Another dichotomy that gets muddy is the distinction between males and females. De Waal provides a medical definition of sex, based on chromosomes — “XX for female, XY for male” — and genital anatomy. He doesn’t name the genitalia in his definition, but they come up regularly in reference to bonobo behavior, and we get the picture. But sex is more complicated than that.

At the cellular level, sex is binary: there are sperm and there are eggs. But understanding how that maps onto our chromosomes and our bodies is a work in progress. Gender is even more confusing — a mosaic of body parts, beliefs and behaviors that don’t separate neatly into two happy summer camps across the lake. De Waal agrees, writing that “gender resists division into two neat categories and is best viewed as a spectrum that runs smoothly from feminine to masculine and all sorts of mixtures in between.” We don’t yet know how or why people identify as “male” or “female,” why some people don’t identify as either and why people vary in the degree to which they identify as anything at all. So the central premise, that behavioral differences between males and females have a basis in biology, is undermined by muddy definitions of males, females — and biology.

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Still, de Waal’s book is a valuable addition to the public discussion of sex and gender. Analyzing the behavior of close evolutionary relatives is a scientifically sound way to understand the origins of our own behavior. Evolutionary biologists regularly chart traits of interest onto evolutionary trees to test hypotheses about evolutionary origins, and the book gives us plenty to ponder from that perspective. One hypothesis de Waal discusses is the possibility of a genetic predisposition to learn the behaviors of your own sex — for example when girls imitate the nurturing behaviors of their mothers. None of the evidence he cites is conclusive but the book adds an important evolutionary dimension to one of the most complex issues of our time.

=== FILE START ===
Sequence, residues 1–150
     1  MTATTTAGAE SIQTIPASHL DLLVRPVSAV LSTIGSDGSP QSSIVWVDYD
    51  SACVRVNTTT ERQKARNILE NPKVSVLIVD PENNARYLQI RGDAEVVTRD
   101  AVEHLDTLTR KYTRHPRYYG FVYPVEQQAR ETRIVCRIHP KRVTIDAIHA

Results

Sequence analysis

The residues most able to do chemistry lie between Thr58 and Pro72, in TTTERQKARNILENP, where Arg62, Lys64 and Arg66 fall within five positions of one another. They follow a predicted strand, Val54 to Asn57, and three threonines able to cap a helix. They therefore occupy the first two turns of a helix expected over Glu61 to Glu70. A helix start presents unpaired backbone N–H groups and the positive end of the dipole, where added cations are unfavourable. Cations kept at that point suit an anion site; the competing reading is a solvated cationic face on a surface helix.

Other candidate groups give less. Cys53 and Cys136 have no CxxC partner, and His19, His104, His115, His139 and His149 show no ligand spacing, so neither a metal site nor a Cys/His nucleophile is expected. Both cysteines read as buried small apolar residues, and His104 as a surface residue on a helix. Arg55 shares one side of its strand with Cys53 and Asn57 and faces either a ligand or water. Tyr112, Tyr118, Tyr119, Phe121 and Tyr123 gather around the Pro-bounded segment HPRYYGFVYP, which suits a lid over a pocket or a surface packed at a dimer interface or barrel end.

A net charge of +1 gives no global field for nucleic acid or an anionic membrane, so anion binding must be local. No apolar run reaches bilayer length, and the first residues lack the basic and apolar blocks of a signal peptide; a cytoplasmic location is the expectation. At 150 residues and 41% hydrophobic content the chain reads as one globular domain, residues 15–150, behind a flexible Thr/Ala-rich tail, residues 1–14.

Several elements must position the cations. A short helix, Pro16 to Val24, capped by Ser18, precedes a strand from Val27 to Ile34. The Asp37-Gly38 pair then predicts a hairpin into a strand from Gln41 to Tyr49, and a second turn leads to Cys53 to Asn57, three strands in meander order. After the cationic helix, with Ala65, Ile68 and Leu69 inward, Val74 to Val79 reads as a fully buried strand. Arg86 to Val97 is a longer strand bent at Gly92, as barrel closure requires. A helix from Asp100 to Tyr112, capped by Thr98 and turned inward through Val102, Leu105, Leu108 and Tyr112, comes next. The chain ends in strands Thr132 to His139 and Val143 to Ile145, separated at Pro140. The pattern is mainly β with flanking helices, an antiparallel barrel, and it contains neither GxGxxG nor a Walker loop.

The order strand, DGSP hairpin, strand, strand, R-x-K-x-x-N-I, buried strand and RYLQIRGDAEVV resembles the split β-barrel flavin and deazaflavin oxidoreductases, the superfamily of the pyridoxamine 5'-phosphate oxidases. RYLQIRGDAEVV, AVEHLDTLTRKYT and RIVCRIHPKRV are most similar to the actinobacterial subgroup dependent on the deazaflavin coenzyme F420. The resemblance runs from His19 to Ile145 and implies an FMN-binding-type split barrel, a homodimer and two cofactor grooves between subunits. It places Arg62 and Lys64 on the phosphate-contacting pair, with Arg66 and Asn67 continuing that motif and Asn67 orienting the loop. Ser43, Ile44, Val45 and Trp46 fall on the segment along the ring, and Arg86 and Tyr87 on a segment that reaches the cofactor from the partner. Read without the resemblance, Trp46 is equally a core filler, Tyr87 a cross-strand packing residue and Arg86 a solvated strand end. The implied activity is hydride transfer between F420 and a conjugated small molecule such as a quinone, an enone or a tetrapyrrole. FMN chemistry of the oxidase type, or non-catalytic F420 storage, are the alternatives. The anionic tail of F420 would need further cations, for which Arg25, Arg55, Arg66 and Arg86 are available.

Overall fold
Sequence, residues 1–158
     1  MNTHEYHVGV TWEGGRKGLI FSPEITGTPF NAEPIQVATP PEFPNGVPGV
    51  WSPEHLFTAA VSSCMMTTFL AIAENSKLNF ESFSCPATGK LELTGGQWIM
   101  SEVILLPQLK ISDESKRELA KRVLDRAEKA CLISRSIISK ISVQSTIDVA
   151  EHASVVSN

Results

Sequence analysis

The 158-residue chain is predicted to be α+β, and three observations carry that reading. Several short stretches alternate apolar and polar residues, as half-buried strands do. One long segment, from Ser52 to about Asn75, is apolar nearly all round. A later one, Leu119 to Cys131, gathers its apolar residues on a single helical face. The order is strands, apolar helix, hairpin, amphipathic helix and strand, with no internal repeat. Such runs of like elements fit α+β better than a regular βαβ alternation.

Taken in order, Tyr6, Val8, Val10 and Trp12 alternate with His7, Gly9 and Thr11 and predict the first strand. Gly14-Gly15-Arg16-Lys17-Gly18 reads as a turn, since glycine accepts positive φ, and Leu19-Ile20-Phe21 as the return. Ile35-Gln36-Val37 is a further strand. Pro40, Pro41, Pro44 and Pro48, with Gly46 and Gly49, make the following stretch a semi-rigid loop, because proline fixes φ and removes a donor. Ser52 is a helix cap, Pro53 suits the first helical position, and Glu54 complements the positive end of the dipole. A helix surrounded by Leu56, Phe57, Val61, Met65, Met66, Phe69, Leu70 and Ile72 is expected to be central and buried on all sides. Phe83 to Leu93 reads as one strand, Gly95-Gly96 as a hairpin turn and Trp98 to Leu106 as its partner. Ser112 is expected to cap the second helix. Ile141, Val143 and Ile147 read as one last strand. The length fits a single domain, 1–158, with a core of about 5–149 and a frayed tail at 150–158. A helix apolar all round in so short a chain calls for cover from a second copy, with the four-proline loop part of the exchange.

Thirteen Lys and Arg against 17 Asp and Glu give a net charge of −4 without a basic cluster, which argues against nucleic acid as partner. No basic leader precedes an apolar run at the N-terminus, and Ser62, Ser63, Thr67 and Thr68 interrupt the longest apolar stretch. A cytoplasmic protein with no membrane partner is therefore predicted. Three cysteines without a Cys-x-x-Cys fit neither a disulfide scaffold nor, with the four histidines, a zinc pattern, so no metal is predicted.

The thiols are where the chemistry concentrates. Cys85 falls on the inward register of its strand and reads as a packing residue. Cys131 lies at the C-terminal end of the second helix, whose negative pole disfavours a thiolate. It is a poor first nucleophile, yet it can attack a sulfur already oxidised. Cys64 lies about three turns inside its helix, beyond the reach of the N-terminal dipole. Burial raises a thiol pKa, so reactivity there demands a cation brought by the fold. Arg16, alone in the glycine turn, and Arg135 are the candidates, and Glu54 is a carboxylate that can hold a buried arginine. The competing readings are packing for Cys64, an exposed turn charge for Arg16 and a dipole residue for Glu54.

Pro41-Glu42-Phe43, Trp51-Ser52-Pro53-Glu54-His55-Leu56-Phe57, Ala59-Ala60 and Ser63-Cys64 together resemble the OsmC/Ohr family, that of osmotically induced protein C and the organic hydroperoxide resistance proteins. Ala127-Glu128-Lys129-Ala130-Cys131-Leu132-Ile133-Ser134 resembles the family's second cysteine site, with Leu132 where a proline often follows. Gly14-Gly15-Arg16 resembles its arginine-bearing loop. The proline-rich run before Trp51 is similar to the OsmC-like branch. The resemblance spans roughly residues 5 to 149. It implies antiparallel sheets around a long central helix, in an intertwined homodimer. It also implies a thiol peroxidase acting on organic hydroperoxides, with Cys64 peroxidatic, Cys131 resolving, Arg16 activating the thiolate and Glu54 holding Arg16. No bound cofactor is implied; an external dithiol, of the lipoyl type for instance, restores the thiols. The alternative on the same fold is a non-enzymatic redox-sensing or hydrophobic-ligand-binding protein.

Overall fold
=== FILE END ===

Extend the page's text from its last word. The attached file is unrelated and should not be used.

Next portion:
Even if “Different” doesn’t provide satisfying answers to our questions about gender and sex, it is still a valuable collection of amusing, heartwarming and sometimes heartbreaking anecdotes about our animal cousins. There’s the chimpanzee Kuif, who kept losing her babies from insufficient lactation, became deeply depressed and withdrew from society until de Waal taught her to bottle feed an orphaned baby, and she became a successful and devoted mother many times over. He also demonstrates how a “secondary sisterhood” of unrelated females dominate bonobo society; his detailed descriptions of female leadership in bonobos and chimpanzees are refreshing reminders of the difference between physical and political power. And whatever your views on the Kinsey scale of sexual orientation, ranging from 0 for exclusively heterosexual to 6 for exclusively homosexual, it’s fascinating to learn that every bonobo would score a perfect 3.

The beauty of a book by Frans de Waal is that once you read it, you’ll never look at your own species the same way again. “Different” may not tell us how much of our behavior is genetic, hormonal, culturally driven, or all of the above. That’s an impossibly tall order given our current state of knowledge. But it will give you a lot to think about and, if you’re brave enough, plenty of fodder for debate.

Tamra Mendelson is a professor of biology focusing on animal behavior at the University of Maryland Baltimore County.


Gender, through the Eyes of a Primatologist

Norton. 408 pp. $30